Intra-host analysis of hepaciviral glycoprotein evolution reveals signatures associated with viral persistence and clearance

Gömer, A. et al. (2022) Intra-host analysis of hepaciviral glycoprotein evolution reveals signatures associated with viral persistence and clearance. Virus Evolution, 8(1), veac007. (doi: 10.1093/ve/veac007) (PMID:35242360) (PMCID:PMC8887644)

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Even 30 years after the discovery of the hepatitis C virus (HCV) in humans there is still no vaccine available. Reasons for this include the high mutation rate of HCV, which allows the virus to escape immune recognition and the absence of an immunocompetent animal model for vaccine development. Phylogenetically distinct hepaciviruses (genus Hepacivirus, family Flaviviridae) have been isolated from diverse species, each with a narrow host range: the equine hepacivirus (EqHV) is the closest known relative of HCV. In this study, we used amplicon-based deep-sequencing to investigate the viral intra-host population composition of the genomic regions encoding the surface glycoproteins E1 and E2. Patterns of E1E2 substitutional evolution were compared in longitudinally sampled EqHV-positive sera of naturally and experimentally infected horses and HCV-positive patients. Intra-host virus diversity was higher in chronically than in acutely infected horses, a pattern which was similar in the HCV-infected patients. However, overall glycoprotein variability was higher in HCV compared to EqHV. Additionally, selection pressure in HCV populations was higher, especially within the N-terminal region of E2, corresponding to the hypervariable region 1 (HVR1) in HCV. An alignment of glycoprotein sequences from diverse hepaciviruses identified the HVR1 as a unique characteristic of HCV: hepaciviruses from non-human species lack this region. Together, these data indicate that EqHV infection of horses could represent a powerful surrogate animal model to gain insights into hepaciviral evolution and HCVs HVR1-mediated immune evasion strategy.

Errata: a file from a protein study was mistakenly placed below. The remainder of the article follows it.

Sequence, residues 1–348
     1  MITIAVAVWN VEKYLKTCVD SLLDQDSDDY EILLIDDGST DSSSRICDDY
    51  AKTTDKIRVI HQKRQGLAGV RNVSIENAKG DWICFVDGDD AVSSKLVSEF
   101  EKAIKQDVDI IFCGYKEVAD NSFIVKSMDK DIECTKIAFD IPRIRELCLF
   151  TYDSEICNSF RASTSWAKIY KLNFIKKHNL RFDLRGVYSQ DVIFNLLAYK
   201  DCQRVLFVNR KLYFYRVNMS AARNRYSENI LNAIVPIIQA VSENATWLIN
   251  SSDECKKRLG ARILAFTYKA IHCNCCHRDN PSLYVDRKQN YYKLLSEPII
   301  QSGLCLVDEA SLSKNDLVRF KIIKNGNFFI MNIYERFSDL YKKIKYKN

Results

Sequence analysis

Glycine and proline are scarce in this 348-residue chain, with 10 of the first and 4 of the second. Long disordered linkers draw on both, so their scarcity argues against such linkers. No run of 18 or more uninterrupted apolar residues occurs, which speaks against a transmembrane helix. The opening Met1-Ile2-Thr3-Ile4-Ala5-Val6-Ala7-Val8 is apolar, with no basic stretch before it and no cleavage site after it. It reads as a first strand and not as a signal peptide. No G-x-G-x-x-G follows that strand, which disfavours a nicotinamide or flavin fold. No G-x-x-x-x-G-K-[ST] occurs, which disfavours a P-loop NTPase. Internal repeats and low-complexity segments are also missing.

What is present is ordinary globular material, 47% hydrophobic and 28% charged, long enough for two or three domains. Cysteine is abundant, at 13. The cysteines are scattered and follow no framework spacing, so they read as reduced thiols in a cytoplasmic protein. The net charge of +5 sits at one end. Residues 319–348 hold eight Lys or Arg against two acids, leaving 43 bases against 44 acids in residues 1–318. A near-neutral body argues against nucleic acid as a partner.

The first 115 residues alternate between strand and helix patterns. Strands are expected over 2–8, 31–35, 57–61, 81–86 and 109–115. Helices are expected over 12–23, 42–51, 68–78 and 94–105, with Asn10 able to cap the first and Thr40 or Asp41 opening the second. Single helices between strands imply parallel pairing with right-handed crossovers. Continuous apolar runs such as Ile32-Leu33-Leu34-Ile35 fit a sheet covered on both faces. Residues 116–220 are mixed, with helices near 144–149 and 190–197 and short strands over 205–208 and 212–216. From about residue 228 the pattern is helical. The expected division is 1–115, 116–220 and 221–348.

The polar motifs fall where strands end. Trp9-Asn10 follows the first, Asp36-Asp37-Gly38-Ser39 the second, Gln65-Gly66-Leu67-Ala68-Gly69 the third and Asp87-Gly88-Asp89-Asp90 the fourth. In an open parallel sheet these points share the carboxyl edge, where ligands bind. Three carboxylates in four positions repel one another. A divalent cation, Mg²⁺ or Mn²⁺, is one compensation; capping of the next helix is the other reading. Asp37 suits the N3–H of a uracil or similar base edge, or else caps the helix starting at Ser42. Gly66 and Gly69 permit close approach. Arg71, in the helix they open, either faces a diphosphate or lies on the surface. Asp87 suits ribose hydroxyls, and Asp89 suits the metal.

Item Type:Articles
Additional Information:The study was supported by the Deutsche Forschungsgemeinschaft (German Research Foundation) [grant numbers: 398066876-GRK 2485/1 and 438777365] and the Hungarian Scientific Research Fund [grant number: OTKA/NKFIH FK134311]. T.P. is funded by the Deutsche Forschungsgemeinschaft (DFG, German Research Foundation) under the Germany’s Excellence Strategy – EXC 2155 ‘RESIST’ – Project ID 39087428.
Glasgow Author(s) Enlighten ID:Orton, Dr Richard
Authors: Gömer, A., Brown, R. J. P., Pfaender, S., Deterding, K., Reuter, G., Orton, R., Seitz, S., Bock, C.- T., Cavalleri, J. M. V., Pietschmann, T., Wedemeyer, H., Steinmann, E., and Todt, D.
College/School:College of Medical Veterinary and Life Sciences > School of Infection & Immunity > Centre for Virus Research
Journal Name:Virus Evolution
Publisher:Oxford University Press
ISSN (Online):2057-1577
Published Online:02 February 2022
Copyright Holders:Copyright © 2022 The Authors
First Published:First published in Virus Evolution 8(1): veac007
Publisher Policy:Reproduced under a Creative Commons License

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